Force used at UNC wasn’t necessary
In response to “Silent Sam: UNC protestors decide not to wait for change. Good for them” (Aug. 21 Editorial):
We should not encourage people to take matters into their own hands. That’s reckless. Vigilantes always feel justified in their actions. We saw what those actions look like in Charlottesville and Charleston when the wrong people felt justified and enabled.
Statues are symbols. They can inspire hate and their presence may be unwarranted, but unruly mobs hurt far more people.
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Let’s remember what civil disobedience actually is. The Civil Rights Movement worked because its participants responded to brutality with humanity instead of force. It was strength, not weakness.
John Tinkelenberg, Matthews
Removal of statue was long overdue
In the tragic aftermath of Charlottesville, two of Stonewall Jackson’s great-great grandsons wrote the mayor of Richmond asking that Jackson’s statue – and all Confederate statues – be taken down. “They are,” the men proclaimed, “overt symbols of racism and white supremacy, and the time is long overdue for them to depart from public display.”
This week, students pulled Silent Sam from his pedestal, an action long overdue. Rational people know that these statues were intended less to honor the dead than to intimidate African Americans.
David Collins, Pineville
Liberal thinkers are growing intolerant
Observer editorial comments seem to suggest the results justify the means. I don’t believe that mob rule is ever the answer, regardless of the outcome.
As a 1960 UNC graduate, I was proud of the tolerance shown to others with different points of view. Sadly, the most intolerant group now seems to be those whom I considered myself to be part of, namely liberal thinkers.
William W. Jones, Morganton
Put Grant, Sherman statues at NC capitol
In response to “Keep Confederate monuments in Raleigh, state commission urges” (Aug. 23):
Since the state historical commission wishes to add context around the Confederate monuments on the capitol grounds in Raleigh, perhaps we should erect grand monuments of Sherman and Grant, who were instrumental in liberating over 300,000 North Carolinians from captivity.
Surely these American heroes, who fought to free one third of our state’s population from bondage, deserve to be memorialized at the capitol.
Don Irwin, Charlotte
Burr must delay Kavanaugh decision
Sen. Richard Burr must delay the confirmation of Supreme Court nominee Brett Kavanaugh.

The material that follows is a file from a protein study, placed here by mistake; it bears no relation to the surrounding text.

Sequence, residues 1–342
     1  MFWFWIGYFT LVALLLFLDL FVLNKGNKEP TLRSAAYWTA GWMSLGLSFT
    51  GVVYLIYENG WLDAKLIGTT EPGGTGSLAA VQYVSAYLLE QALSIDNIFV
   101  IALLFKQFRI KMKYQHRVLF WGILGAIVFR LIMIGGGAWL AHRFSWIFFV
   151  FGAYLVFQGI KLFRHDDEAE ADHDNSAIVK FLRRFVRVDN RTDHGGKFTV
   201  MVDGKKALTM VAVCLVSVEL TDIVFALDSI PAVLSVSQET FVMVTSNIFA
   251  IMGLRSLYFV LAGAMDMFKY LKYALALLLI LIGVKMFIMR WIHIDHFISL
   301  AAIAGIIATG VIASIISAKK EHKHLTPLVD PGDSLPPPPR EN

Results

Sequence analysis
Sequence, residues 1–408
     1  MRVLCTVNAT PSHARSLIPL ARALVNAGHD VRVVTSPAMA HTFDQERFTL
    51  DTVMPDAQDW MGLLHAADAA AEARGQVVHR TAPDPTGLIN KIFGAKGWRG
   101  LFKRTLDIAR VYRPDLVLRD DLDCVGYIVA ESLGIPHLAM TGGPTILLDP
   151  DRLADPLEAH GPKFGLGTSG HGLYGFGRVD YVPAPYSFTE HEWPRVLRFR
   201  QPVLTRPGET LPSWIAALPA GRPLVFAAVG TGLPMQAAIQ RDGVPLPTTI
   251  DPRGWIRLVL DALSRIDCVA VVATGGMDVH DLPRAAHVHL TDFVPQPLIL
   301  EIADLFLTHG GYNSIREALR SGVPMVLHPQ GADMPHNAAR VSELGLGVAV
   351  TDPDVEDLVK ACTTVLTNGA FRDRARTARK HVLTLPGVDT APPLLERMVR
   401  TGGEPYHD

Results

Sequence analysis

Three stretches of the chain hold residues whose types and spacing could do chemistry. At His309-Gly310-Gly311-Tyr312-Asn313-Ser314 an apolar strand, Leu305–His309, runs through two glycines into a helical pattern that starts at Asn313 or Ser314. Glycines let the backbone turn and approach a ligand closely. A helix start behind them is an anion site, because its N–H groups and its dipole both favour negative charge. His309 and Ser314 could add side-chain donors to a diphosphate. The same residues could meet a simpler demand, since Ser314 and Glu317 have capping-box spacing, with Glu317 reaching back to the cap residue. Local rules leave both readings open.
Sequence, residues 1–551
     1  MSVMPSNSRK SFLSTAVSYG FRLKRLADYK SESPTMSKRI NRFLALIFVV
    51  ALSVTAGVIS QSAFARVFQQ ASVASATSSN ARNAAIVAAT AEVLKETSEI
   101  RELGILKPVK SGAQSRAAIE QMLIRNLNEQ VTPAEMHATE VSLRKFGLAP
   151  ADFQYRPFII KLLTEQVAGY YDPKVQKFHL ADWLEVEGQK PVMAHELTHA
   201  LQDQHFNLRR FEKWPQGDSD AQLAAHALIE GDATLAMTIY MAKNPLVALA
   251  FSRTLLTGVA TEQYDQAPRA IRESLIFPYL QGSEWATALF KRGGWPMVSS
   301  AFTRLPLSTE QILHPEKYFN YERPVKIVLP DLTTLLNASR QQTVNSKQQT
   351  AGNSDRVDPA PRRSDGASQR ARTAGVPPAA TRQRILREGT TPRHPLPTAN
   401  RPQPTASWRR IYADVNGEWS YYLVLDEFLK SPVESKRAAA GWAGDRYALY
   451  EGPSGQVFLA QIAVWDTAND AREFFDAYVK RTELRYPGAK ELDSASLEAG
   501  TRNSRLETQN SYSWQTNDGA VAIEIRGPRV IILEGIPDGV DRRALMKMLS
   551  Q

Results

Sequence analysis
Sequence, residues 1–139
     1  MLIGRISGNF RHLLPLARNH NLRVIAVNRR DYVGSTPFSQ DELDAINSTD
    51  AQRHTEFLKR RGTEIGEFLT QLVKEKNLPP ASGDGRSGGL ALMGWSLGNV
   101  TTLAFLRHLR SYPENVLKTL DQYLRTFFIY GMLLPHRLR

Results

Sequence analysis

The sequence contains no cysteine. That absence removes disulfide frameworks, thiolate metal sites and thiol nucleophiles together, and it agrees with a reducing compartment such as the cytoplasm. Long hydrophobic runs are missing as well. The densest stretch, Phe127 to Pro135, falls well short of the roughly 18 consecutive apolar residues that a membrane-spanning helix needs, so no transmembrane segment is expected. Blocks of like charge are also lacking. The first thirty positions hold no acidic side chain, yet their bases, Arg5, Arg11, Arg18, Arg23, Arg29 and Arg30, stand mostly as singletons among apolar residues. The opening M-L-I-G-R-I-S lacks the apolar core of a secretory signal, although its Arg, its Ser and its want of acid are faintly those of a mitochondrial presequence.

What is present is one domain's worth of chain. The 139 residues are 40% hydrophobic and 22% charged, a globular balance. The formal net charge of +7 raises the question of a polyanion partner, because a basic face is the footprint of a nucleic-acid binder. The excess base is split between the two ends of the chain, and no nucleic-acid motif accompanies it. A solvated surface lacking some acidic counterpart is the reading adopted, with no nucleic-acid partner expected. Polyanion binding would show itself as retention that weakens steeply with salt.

Our president’s former campaign manager and personal attorney were found guilty or pleaded guilty to felonies. The question of whether a sitting president can be criminally indicted is likely to come before the Supreme Court.
In our society, those who are being investigated for criminal behavior are not afforded the opportunity to select their own judges. Burr must stand for what is right.
Jon Abbott, Charlotte
Democratic Party is on a decline
Daily reading of the opinions in the Forum clearly shows the demise of the Democratic Party.
With all the accomplishments of our president, they continue to attack him. True to his promises, he has reversed the downward direction of our previous administration and restored our credibility with other nations.
Promises made and promises kept. Truly a new concept in our government.
Democratic leaders continue to put their large feet in their mouths and, in the end, will see the error of their ways.
Harmon James, Denver, NC
‘Drain the swamp’ grows more ironic
The chants of “Drain the swamp” are becoming increasingly ironic. The swamp is not draining, but actually filling around the president as an growing number of his close associates are found guilty of felonies.
Though the president has tried to muddy the water with lies and pronouncements of no collusion, he has now been credibly accused of colluding in illegal campaign contribution schemes.
Mr. President, the swamp is filling and you may drown. But fear not, Special Counsel Robert Muller will be able to drain it. Unfortunately, Mr. President, the dregs will still stick to you.
Jim Ragaini, Charlotte